Supreme Court ruling benefits employees, including dental, in wage claims against employers

It’s imperative that dentists correctly account for time employees spend donning and removing protective gear so that they can avoid a “trial by formula” with potentially costly consequences.

Nov 18th, 2016
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It’s imperative that dentists correctly account for time employees spend donning and removing protective gear so that they can avoid a “trial by formula” with potentially costly consequences.

In a recent U.S. Supreme Court decision, the evidence requirements for employees seeking unpaid wages were redefined, a move that will impact the way unpaid wage claims are handled moving forward.

Tyson Foods Inc. v. Bouaphakeo addressed workers at chicken processing plants. They were required to don and remove protective gear for their shifts, but were not paid for the time spent doing so. This is time that workers claimed made them eligible for overtime wages. Tyson had not considered that time as “hours worked,” and therefore was not tracking it for each employee. The question became:How do you determine the amount of unpaid wages to which an employee is entitled if there are no specific records showing how much time that employee spent doing “unpaid” tasks?

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In Tyson, the Court allowed the employees to present experts who testified as to the average amount of time that it took to put on and take off protective gear. These averages, referred to as “representative evidence,” were inaccurate because the number of people surveyed was small, and the amount of time each person took to don the equipment varied widely. Tyson argued that use of averages created an unfair basis for determining a settlement amount, and that employees should be required to produce specific proof of unpaid overtime.

The Court found that the employees could rely upon averages because Tyson had not kept records of the time each worker spent donning and removing their protective gear. Tyson’s failure to recognize and properly record employee working hours left the company at the mercy of a “trial by formula” that resulted in a settlement of $2.9M in back wages, and a total of $5.8M including liquidated damages.

So, what does this ruling mean for dental practice owners?

In general, this case serves as a reminder that it is the employer’s burden to maintain proper records. Practice owners should be aware that a lack of records can negatively impact both the verdict and the settlement amount of any given claim, and they should protect their business with appropriate recordkeeping generated from a legally-compliant timeclock.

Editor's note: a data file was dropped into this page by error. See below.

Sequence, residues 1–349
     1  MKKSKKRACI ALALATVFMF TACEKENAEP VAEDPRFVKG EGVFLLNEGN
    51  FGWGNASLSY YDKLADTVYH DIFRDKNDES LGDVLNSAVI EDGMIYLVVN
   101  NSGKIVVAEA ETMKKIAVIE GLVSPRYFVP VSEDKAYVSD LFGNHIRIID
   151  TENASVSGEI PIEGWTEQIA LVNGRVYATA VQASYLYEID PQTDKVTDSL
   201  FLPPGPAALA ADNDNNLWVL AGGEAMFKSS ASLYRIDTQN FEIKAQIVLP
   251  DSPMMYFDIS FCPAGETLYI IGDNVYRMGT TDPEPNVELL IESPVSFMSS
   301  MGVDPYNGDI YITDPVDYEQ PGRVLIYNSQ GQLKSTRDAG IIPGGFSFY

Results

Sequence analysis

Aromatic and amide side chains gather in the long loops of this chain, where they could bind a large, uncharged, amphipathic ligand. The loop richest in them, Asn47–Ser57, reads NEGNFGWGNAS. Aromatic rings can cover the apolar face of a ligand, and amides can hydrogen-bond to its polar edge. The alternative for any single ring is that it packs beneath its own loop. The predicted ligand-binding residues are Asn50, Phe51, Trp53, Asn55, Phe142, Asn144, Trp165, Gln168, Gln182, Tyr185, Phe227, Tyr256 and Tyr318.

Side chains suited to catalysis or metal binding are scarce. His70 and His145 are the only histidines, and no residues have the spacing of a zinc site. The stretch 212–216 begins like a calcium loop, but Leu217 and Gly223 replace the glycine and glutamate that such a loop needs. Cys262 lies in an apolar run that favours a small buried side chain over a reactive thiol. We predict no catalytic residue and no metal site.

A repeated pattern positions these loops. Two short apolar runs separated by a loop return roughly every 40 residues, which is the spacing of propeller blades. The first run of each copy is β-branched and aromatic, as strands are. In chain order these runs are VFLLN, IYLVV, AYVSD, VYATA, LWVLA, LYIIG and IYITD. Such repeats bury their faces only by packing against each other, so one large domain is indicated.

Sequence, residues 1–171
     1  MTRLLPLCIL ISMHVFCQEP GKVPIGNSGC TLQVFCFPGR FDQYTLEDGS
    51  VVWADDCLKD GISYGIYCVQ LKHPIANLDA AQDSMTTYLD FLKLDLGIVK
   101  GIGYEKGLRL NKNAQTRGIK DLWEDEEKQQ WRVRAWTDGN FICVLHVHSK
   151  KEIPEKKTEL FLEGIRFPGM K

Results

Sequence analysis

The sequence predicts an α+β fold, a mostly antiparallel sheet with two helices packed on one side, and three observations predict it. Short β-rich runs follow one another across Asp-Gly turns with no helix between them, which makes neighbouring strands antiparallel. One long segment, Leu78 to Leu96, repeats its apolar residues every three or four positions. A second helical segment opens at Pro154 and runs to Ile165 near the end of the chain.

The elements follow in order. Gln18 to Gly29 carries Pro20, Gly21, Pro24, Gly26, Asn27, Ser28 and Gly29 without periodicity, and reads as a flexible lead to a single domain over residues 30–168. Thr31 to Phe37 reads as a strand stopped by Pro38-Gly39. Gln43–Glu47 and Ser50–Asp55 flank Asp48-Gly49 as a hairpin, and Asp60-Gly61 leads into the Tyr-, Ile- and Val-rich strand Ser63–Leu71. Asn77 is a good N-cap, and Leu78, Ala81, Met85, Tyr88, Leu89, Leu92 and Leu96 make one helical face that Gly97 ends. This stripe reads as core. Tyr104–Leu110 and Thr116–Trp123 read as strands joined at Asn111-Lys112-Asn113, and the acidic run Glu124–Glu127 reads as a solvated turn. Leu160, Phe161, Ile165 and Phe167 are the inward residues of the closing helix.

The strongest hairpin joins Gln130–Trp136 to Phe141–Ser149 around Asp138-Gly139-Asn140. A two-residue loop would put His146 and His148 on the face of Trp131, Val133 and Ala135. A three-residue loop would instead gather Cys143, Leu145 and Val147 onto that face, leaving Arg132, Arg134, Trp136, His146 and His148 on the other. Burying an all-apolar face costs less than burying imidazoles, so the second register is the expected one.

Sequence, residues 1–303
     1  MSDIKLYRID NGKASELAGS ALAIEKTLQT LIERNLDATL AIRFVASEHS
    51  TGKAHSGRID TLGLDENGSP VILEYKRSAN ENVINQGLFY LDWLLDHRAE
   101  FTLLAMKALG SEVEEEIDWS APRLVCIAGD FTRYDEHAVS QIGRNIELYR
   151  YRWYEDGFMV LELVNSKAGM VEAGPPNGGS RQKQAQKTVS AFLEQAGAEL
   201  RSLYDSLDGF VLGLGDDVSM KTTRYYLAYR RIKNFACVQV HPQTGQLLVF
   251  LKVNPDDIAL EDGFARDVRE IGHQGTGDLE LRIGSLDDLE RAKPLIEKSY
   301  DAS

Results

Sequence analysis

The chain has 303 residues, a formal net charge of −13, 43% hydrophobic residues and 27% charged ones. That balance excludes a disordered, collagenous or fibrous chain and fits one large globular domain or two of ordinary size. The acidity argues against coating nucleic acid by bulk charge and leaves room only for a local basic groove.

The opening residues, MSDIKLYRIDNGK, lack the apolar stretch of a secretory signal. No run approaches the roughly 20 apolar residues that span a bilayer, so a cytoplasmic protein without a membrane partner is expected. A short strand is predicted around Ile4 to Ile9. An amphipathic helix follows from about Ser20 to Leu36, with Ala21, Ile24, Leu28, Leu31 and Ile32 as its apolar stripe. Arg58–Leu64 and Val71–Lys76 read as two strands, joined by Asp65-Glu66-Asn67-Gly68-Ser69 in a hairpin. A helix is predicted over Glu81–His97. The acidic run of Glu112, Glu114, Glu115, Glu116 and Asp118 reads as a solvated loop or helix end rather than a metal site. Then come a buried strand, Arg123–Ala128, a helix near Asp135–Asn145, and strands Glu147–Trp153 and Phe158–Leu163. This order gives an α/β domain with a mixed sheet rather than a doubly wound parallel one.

Specifically, as a practice owner you may argue that employees need to be dressed at the start of their shift. However, the FLSA (Fair Labor Standards Act) requires that employees be paid for activities that are “integral and indispensable” to their regular work duties. If employees must don or remove their uniforms on the office premises and this is not counted as time worked, you could be denying non-exempt employees their overtime compensation rights.

It’s imperative that dentists correctly account for time employees spend donning and removing protective gear so that they can avoid a “trial by formula” with potentially costly consequences. In addition to owing overtime back pay, you could be exposed to waiting time penalties and liquidated damages, which can significantly impact your practice’s financial health. In short, a proper timekeeping system is more important than ever in the legal defense of contemporary wage claims.


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Ali Oromchian, JD, LLM, is the founding attorney of the Dental & Medical Counsel PC law firm. He is also cofounder of HR for Health, which provides a cloud-based human resource management solution for dental practices. Mr. Oromchian is well known for his expertise in legal matters pertaining to dentists. He has served as a key opinion leader and legal authority in the dental industry with dental CPAs, consultants, banks, insurance brokers, and dental supply and equipment companies. He serves as a legal consultant for numerous dental practice management firms that rely on his expertise for their clients’ businesses.

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